The agrichemical giant Monsanto has found itself the target of health-related lawsuits lately over its weedkiller, Roundup. Users of the product have found themselves suffering from multiple side effects, including non-Hodgkin’s lymphoma, a potentially fatal type of blood and immune system cancer. Here’s what you need to know about the background, usage, health implications, and legal situation of this potentially dangerous product.
History and Use of Roundup
Monsanto’s Roundup is the brand name of a weed-killing product that’s based on the chemical glyphosate. Glyphosate was first discovered for use as an herbicide by Monsanto in 1970 and almost immediately brought to market, and the company remained the sole manufacturer of herbicides that contain glyphosate until the patent expired in 2000. Roundup has remained a steady source of income for Monsanto, as annual reports show it earned $13.5 billion dollars in revenue in 2016. In 2015 the company reportedly made $4.8 billion on Roundup alone, indicating that it is a sizable portion of Monsanto’s revenue.
Currently, glyphosate herbicides are being used at all levels of agriculture, including home gardens and lawncare, commercial farming, and professional landscaping. Municipalities may use Roundup to control weed and grass growth growing through sidewalks or other paved areas, as well. Industrial agribusiness is one of the largest consumers of Roundup, as well, leading to glyphosate-based herbicides becoming the most commonly used herbicides on the planet.
How Roundup Works
Roundup and other glyphosate herbicides work by affecting enzymes in most types of vegetation, including broad-leafed, grassy, and woody-type plants. When Roundup is sprayed on a growing plant, enzymes that are normally responsible for creating certain amino acids essential for plant growth no longer function, rapidly resulting in the death of the plant.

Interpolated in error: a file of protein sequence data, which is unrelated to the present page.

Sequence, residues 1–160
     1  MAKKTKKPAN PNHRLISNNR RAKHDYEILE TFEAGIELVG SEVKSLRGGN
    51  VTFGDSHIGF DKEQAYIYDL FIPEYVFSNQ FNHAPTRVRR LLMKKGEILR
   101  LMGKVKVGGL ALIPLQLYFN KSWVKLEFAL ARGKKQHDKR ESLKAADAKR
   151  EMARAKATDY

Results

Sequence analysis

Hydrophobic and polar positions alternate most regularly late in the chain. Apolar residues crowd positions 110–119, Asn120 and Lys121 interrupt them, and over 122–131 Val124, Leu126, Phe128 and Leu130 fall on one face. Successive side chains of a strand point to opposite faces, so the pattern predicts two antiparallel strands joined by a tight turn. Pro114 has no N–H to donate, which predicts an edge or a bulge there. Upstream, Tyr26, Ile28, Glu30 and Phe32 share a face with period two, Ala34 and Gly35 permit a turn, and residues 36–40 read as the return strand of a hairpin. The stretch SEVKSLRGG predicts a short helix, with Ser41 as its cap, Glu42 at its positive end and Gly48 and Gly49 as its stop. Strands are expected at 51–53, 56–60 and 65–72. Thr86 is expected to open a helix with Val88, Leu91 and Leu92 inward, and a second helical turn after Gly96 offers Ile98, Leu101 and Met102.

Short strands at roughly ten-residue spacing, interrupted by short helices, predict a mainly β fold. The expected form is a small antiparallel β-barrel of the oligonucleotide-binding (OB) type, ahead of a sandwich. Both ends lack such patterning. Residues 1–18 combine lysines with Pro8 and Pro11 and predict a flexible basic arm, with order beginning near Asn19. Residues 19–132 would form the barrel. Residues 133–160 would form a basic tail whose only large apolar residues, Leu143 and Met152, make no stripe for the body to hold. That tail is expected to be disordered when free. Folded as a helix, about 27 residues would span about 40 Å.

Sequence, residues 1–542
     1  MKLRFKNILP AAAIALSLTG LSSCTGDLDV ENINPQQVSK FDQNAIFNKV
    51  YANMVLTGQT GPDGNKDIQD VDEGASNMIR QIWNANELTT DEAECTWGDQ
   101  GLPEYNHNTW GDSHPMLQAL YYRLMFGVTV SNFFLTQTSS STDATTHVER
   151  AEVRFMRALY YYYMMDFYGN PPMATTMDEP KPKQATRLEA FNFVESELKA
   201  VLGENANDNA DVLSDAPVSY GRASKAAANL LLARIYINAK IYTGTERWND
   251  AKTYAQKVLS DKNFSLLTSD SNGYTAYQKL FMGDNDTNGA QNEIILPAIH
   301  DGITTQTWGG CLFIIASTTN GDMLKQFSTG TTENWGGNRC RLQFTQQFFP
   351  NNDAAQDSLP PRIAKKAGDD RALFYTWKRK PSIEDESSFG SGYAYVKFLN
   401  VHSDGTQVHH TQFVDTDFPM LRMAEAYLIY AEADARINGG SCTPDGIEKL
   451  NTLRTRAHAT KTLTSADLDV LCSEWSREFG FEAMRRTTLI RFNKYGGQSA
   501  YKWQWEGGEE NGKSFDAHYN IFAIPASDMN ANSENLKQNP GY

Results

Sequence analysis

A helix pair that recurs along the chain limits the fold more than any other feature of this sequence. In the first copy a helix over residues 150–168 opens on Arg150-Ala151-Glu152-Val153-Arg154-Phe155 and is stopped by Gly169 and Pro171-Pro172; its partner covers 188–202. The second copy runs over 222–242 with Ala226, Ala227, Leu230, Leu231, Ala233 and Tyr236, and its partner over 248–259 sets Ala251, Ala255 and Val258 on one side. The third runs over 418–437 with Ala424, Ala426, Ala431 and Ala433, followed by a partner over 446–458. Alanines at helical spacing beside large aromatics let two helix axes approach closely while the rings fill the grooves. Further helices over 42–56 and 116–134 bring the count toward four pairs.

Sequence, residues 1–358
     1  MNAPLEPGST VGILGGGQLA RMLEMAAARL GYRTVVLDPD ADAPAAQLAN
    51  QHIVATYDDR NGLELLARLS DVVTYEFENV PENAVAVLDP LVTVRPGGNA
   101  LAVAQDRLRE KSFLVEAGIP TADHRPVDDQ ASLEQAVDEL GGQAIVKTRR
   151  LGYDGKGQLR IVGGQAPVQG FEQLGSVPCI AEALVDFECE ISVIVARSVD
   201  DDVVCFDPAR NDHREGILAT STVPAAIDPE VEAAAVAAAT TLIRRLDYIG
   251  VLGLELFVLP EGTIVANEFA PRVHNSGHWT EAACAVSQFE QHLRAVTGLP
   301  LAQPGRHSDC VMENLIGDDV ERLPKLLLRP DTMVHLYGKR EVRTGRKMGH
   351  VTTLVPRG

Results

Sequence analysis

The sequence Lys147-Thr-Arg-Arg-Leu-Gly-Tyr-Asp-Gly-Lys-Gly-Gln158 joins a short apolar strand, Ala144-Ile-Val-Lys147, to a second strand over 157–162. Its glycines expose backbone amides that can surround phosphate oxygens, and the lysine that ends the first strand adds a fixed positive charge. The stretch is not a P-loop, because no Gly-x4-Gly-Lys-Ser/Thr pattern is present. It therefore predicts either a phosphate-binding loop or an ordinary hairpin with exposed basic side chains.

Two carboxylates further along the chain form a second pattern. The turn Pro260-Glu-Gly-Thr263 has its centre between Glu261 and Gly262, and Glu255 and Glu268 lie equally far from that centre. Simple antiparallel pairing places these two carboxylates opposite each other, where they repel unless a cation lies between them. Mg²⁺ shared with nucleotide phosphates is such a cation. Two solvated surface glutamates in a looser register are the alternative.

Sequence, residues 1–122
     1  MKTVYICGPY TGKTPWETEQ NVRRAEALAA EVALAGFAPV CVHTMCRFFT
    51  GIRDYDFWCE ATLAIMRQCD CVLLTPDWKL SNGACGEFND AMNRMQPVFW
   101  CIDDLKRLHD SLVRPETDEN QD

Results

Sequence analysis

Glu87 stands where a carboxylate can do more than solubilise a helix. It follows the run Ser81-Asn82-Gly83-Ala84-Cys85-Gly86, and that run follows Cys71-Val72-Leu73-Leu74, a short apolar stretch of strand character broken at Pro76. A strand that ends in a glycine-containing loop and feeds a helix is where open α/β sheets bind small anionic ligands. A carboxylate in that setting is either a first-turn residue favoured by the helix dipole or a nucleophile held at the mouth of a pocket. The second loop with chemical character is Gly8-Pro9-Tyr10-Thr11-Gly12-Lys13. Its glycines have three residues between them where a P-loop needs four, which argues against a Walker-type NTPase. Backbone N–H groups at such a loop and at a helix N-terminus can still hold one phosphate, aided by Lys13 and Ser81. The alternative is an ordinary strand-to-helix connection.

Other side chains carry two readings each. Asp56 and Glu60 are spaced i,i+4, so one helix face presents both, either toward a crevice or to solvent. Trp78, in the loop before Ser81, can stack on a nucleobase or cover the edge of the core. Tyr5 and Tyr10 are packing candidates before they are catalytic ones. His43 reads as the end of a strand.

Glyphosate is so effective and so widely-used in agriculture that Monsanto has begun genetically engineering plants that are resistant to it. Called Roundup-Ready or RR crops, these GMOs (genetically modified organisms) allow farmers to apply Roundup indiscriminately over entire fields. This leaves the desired cash crops such as soy, corn, and cotton alive, while killing weeds and all other plant matter.
Roundup Linked to Lymphoma
Roundup has been promoted in the past as “safer than table salt.” But government and safety agencies have had glyphosate in their sights since the 1980s, when personnel from the Environmental Protection Agency’s Toxicology Branch studied the chemical and determined that it was a “Category C Oncogene” carrying a risk of cancer.
In 2015, further research led the World Health Organization’s International Agency for Research on Cancer (IARC) to classify Roundup under its “Group 2A” monograph, which is the agency’s category for a substance that is “probably carcinogenic to humans,” the second-highest rank for cancer risks. This research showed the potential link between exposure to glyphosate-containing herbicides like roundup and non-Hodgkin’s lymphoma.
Sufferers of non-Hodgkin’s lymphoma may have symptoms such as the following:
- Swollen lymph nodes
- Enlarged abdomen (swollen belly)
- Chest pains or feeling of pressure
- Coughing or shortness of breath
- Heavy sweating in bed (night sweats)
- Unexplained fevers
- Weight loss
The American Cancer Society reports that the five-year survival rate for non-Hodgkin’s lymphoma is 69 percent, while the ten-year survival rate drops to 59 percent. Treatment varies on a case-by-case basis, but may involve long, painful, and expensive therapy using chemotherapy drugs, radiation, biological therapy (including a new class of compounds called monoclonal antibodies, such as the drug Rituxan), or stem cell transplants.
Who May Be at Risk
Anyone who uses Roundup or related glyphosate products may be at risk for this type of cancer, not just those employed in industrial agribusiness. Many lawsuits are by regular home consumers who sprayed Roundup on their yards for relatively short periods of time, only to be diagnosed a short while later with non-Hodgkin’s lymphoma. Others lawsuits are by people used the herbicide while at work on farms, in fruit groves, or in landscaping work.
What to Do If You Have Suffered from Roundup Exposure
If you were exposed to Monsanto’s Roundup herbicide and developed non-Hodgkin’s lymphoma, it’s not too late to contact an attorney and seek compensation from Monsanto.
Wayne Wright has spent the past forty years standing up for victims of defective products and corporate greed, and would be proud to represent you in court. Contact Wayne Wright LLP to speak to a legal professional about your case today.